As a purpose-built exhibition space, Browns Gallery is unique in the Highlands. In 2005, the success of the gallery led director Gordon Brown to expand. A disused 19th century bakehouse next door to the original space was acquired, with leading architect Robin Webster commissioned to design the new gallery. Later that year, the design proposal was exhibited at the Royal Scottish Academy.
Two years on, the revamped Browns Gallery opened its doors, unveiling a contemporary exhibition space that would be welcome in any major city. The new space has allowed the gallery to grow up, attracting new visitors and artists to the exciting group Brown’s Gallery represents.
I was a student at art school when I first visited Tain. There was an antiques shop in the town, which had a sign in the window offering to buy paintings. I managed to sell them some of my work, which was great because I was struggling to survive on my student grant. So it was in Tain that I saw my own work hanging on the walls of a gallery, for the very first time.
Of course there have been artists living and working around this area for a long time. Opening the gallery simply brought a much-needed focus to what had previously gone unnoticed. My ambition was simple - to show the best work being produced in the Highlands, and to make this work accessible to all. As an artist myself, I also wanted to make it easy for the artists I worked with to get on with doing what they did best.
I quickly noticed it was the contemporary work - more than the conventional Scottish landscapes - that was catching the eye. So that’s where I focused. To this day, I strive to present current work, art that challenges the imagination. Surprises and confronts, at times. For me, it’s always been about connecting the artists with the people who walk through the door. Hopefully the rich variety of work on the walls offers something for them all.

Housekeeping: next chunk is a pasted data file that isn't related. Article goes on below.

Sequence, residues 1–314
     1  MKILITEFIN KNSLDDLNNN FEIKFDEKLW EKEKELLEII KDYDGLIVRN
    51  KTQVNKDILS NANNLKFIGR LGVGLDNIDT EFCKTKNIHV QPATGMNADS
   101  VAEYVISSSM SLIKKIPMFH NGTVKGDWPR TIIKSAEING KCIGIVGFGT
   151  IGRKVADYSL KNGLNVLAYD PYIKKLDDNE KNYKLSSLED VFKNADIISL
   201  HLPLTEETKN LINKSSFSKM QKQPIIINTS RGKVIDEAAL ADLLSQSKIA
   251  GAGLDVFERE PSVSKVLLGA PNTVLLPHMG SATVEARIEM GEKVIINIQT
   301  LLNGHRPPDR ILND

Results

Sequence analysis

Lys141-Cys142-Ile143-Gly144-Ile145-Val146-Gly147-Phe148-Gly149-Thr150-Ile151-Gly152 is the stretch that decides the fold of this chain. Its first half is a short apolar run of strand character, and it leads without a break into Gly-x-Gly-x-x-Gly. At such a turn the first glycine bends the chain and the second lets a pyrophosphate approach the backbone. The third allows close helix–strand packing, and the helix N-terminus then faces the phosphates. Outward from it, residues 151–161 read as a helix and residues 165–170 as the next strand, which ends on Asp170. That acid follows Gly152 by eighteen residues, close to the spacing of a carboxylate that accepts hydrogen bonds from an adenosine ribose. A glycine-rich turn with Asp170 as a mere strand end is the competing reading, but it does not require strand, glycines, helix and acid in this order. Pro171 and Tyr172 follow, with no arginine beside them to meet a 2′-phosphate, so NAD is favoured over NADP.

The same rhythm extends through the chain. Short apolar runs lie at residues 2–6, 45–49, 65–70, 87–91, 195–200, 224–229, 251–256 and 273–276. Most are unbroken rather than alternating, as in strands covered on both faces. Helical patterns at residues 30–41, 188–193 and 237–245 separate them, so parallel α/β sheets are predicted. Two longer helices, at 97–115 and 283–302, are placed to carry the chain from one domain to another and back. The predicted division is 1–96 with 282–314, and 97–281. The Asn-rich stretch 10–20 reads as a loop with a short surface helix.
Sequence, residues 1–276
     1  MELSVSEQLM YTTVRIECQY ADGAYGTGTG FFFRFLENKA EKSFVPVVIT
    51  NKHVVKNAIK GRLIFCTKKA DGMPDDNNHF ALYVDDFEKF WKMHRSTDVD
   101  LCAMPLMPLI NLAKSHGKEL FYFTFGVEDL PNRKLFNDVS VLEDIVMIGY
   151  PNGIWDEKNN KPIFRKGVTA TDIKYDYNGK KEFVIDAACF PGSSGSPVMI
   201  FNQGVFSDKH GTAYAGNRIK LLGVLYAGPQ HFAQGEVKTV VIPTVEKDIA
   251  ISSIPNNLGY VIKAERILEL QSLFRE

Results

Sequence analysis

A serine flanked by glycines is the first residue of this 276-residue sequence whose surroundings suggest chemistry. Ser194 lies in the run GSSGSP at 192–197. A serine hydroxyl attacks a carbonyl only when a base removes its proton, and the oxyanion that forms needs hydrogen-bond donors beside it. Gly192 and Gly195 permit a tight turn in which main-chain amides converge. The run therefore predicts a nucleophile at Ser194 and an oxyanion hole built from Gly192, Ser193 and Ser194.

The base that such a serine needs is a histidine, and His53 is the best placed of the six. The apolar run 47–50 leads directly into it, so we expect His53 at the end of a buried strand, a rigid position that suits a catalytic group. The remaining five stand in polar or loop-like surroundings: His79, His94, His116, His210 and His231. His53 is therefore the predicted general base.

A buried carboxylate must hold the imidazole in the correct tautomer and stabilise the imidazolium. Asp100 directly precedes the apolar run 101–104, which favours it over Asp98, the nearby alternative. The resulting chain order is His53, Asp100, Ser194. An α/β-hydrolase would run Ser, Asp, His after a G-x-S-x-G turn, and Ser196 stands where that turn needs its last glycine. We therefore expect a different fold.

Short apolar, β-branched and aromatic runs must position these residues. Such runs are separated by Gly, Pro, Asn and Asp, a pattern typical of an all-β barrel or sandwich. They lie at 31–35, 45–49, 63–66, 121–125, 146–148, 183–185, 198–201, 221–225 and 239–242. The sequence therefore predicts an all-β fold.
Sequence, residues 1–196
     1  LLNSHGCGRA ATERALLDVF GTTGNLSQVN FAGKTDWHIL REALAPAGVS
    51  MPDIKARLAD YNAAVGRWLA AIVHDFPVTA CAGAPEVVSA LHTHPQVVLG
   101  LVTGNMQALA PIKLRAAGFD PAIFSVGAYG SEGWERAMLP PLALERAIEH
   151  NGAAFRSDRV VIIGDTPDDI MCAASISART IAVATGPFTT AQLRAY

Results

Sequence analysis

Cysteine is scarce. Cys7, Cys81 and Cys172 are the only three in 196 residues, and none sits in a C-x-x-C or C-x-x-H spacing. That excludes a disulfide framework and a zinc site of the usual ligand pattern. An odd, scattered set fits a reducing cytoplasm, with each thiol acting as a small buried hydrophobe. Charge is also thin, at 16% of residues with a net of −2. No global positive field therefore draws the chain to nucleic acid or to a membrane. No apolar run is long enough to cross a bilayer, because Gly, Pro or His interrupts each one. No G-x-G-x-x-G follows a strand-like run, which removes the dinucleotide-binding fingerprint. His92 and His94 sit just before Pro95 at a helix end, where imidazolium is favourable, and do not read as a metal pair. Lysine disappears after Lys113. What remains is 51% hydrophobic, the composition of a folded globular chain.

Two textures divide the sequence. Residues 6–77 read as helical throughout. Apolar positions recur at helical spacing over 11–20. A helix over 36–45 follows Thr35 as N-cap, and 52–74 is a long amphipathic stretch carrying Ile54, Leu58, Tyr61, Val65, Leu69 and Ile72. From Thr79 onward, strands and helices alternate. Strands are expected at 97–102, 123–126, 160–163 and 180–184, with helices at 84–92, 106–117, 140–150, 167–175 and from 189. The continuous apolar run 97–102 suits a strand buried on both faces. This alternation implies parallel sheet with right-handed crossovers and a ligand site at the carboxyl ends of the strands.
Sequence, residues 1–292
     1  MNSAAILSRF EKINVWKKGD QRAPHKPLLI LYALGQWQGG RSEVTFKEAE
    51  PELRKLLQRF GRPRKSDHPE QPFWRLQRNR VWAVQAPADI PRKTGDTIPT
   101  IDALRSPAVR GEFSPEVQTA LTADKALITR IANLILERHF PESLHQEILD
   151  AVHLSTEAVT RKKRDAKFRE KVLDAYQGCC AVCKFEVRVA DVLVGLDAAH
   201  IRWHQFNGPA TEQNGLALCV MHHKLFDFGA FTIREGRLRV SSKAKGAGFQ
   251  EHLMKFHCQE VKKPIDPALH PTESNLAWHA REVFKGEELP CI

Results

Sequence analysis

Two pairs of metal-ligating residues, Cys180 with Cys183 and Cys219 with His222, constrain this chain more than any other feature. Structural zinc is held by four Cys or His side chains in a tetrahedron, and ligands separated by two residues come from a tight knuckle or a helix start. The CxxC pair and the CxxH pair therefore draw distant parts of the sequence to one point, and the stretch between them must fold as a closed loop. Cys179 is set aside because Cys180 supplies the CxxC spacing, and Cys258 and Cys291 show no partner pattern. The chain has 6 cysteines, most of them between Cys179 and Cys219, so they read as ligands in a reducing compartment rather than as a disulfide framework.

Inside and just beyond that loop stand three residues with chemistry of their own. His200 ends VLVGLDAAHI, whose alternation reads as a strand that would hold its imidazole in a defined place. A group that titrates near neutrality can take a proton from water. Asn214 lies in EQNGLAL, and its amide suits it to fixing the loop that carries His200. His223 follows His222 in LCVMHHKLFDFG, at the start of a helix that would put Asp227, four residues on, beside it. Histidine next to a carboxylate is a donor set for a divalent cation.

I first stumbled across Brown’s Gallery ten years ago when I was coming out of Harry Gow’s (later redubbed ‘Le Lapin Agile’ when it became a rendevous point for the artistically-bent riff-raff from Tain and its environs) with our then tiny twins and a big poke of Dream Rings.
Despite my misgivings – the gallery, after all, was some considerable distance from the cultural epicentres of Glasgow, Edinburgh and London – I was impressed by the total absence of the Scottish Swiss Tart School of Paintings, and the even less attractive Honolulu-in-the-Highlands Sunsetcsapes.
Since then I have really been impressed by gallery director Gordon Brown’s far-sightedness in acquiring the old bakehouse adjacent to the ‘Lapin Agile’ and transforming it into a great space for showing contemporary paintings that’s on par with the best of the country. Welcome to the new improved Brown’s Gallery – I’m delighted to be hanging around.
However many times you walk into the gallery in the bakehouse, which Gordon Brown has created with sensitive dedication, the experience is both a surprise and delight. The quality of the exhibited artists chosen by the curator matches the best to be found anywhere in Scotland today.
There is a discriminating eye behind these choices, which recognises not just accomplishment, but the drive of the true artist to take risks in order to reveal more. To visit this North Highland gallery is certainly worth a detour. It is to experience a confrontation with excellence in contemporary Scottish art.
The Rt. Hon. Lord Maclennan of Rogart